Renewable Energy

  • Wind turbine bat mortality Featured Article Wind turbine bat mortality Wind turbine bat mortality

    Wind turbine bat mortality is a significant adverse impact of large scale wind energy development. Wind energy has become an increasingly important sector of the renewable... More »

  • Photovoltaic energy valuation model Featured Article Photovoltaic energy valuation model Photovoltaic energy valuation model

    Photovoltaic Energy Valuation Model Sandia National Laboratories in collaboration with Solar Power Electric™ has developed PV ValueTM, an electronic form to... More »

  • Biomass Featured Article Biomass Biomass

    Biomass is a term in ecology for the  mass of living organisms in a given ecosystem.  Biomass can refer to the living stock of species in a given habitat, but can... More »

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Wind Energy and Wind Turbines Last Updated on 2014-11-30 21:43:17 Since 1999 the United States’ installed capacity of wind-produced electricity has grown from 2,000 mW to 28,635 mW, which is enough energy to power the equivalent of more than 6.5 million homes.[1] A functioning turbine can provide electricity directly to a building or other application as a “stand-alone,” or “off-grid” system, or it can be connected to the transmission grid.[2] Hybrid systems can combine wind, solar, and, for example, a diesel or biogas electric generator to provide holistic energy security for off-grid systems.[3] A small wind turbine is one that generates 100 kilowatts (“kWs”)[4] or less, and is generally used to produce clean, emissions-free power for individual homes, farms and businesses.[5]  As compared to large commercial turbines that may be 300 feet tall and are capable of producing several megawatts... More »
Hydroelectricity Last Updated on 2014-11-30 21:32:21 Hydroelectricity is electricity generated by converting the kinetic energy of falling or flowing water. It is considered the most widely installed form of renewable energy, although most large dams have a finite lifetime unless dredging of silt is periodically conducted. Hydroelectricity has and has a considerably lower output level of the greenhouse gas carbon dioxide than fossil fuel powered energy plants, and less life cycle greenhouse gas impact than solar power. Furthermore, the ecological impacts of hydropower is arguably greater than any form of energy production, due to the large footprint of biological impact of reservoirs and other needed developed areas. Worldwide, an installed capacity of 777 Gigawatts was catalogued in the year 2006, sufficient to supply one fifth of the world power supply. Since most of the prime locations for hydroelectric power have been tapped, the... More »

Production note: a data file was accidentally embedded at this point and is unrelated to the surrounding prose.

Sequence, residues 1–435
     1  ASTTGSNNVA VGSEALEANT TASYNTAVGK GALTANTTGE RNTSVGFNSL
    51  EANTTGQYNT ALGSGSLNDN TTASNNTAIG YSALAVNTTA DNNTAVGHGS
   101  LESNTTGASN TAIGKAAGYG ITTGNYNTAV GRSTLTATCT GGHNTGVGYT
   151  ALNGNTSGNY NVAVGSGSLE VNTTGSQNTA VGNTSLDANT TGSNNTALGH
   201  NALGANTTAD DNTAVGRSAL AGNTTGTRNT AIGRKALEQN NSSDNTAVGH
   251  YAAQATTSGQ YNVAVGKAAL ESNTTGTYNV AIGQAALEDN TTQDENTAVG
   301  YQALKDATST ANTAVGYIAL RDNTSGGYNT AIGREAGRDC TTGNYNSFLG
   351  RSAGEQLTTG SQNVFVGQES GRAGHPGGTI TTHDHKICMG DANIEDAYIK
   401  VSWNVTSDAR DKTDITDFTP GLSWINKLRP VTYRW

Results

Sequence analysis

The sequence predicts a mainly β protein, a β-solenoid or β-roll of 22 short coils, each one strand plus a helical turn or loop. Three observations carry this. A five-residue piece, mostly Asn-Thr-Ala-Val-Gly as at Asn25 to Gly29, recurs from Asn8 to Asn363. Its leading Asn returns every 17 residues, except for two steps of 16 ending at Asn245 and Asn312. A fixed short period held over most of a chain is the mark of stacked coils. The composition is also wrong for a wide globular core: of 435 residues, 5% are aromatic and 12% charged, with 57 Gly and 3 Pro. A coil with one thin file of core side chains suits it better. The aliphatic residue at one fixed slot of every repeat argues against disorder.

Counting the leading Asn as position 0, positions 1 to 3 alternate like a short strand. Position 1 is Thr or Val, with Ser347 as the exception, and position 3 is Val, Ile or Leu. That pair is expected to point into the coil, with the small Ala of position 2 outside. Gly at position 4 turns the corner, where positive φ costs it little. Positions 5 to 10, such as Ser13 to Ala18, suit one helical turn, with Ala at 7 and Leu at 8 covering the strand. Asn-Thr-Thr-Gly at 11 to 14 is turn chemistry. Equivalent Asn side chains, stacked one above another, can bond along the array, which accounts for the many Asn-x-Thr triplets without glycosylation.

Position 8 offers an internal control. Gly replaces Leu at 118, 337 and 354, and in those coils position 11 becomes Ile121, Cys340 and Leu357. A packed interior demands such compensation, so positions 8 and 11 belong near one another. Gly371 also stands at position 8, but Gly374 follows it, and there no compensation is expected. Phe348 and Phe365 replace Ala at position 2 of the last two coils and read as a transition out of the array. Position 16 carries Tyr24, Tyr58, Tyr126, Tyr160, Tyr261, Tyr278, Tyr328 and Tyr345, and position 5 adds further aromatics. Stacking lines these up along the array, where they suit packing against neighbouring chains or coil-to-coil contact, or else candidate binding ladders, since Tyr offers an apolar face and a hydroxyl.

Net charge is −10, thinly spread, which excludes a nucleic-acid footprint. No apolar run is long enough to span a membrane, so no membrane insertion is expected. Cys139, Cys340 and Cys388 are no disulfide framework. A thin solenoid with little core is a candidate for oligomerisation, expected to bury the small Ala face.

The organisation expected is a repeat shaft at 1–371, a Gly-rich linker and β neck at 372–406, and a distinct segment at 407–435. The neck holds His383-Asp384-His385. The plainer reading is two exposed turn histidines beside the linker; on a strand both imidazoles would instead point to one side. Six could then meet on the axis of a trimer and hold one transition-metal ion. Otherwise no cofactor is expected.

Climate Literacy- The Essential Principles of Climate Sciences Last Updated on 2014-11-15 15:52:27 View online here or download the PDF: High Resolution (14.67MB) or Low Resolution (2.92MB) If you would like more detailed coverage of this topic please see The Climate Literacy Handbook Climate Science Literacy is an understanding of your influence of climate and climate's influence on you and society. understands the essential principles of Earth's climate system, knows how to assess scientifically credible information about climate, communicates about climate and climate change in a meaningful way, and is able to make informed and responsible decisions with regard to actions that may affect climate. During the 20th century, Earth's globally averaged surface temperature rose by approximately 1.08°F (0.6°C). Additional warming of more than 0.25°F (0.14°C) has been measured since 2000. Though the total increase may seem small, it... More »
Biomass Last Updated on 2014-09-30 22:09:21 Biomass is a term in ecology for the  mass of living organisms in a given ecosystem.  Biomass can refer to the living stock of species in a given habitat, but can also refer to a harvested subset or to a decaying subset (especially in the case of forest floor detritus). Biomass may refer to the total mass of all species within the study area, and is thus sometimes called community biomass; but biomass may also refer to a taxonomic subset. Biomass can be expressed as the average mass per unit area or unit volume, or simply as the total mass in the community. Plants characteristically comprise the greatest part of the biomass of terrestrial system. In the animal kingdom, iIronically, the smallest creatures in an ecosystem typically represent the largest quantity of its biomass. It is important to note that the relative biomass species mix may change considerably from season... More »
Biomass Crop Assistance Program (BCAP): Status and Issues Last Updated on 2014-06-11 15:55:19 Summary The Food, Conservation, and Energy Act of 2008 (P.L. 110-246, 2008 Farm Bill) created the Biomass Crop Assistance Program (BCAP). The two main purposes of BCAP are: (1) to support the establishment and production of eligible crops for conversion to bioenergy in selected areas: and (2) to assist agricultural and forest land owners and operators with collection, harvest, storage, and transportation of eligible material for use in a biomass conversion facility. BCAP is intended to assist with the bioenergy industry’s hurdle of continuous biomass availability. The U.S. Department of Agriculture’s (USDA) Farm Service Agency (FSA) implemented one portion of BCAP—the Collection, Harvest, Storage, and Transportation (CHST) matching payment program—on June 11, 2009, through a Notice of Funds Availability in the Federal Register. The partial implementation... More »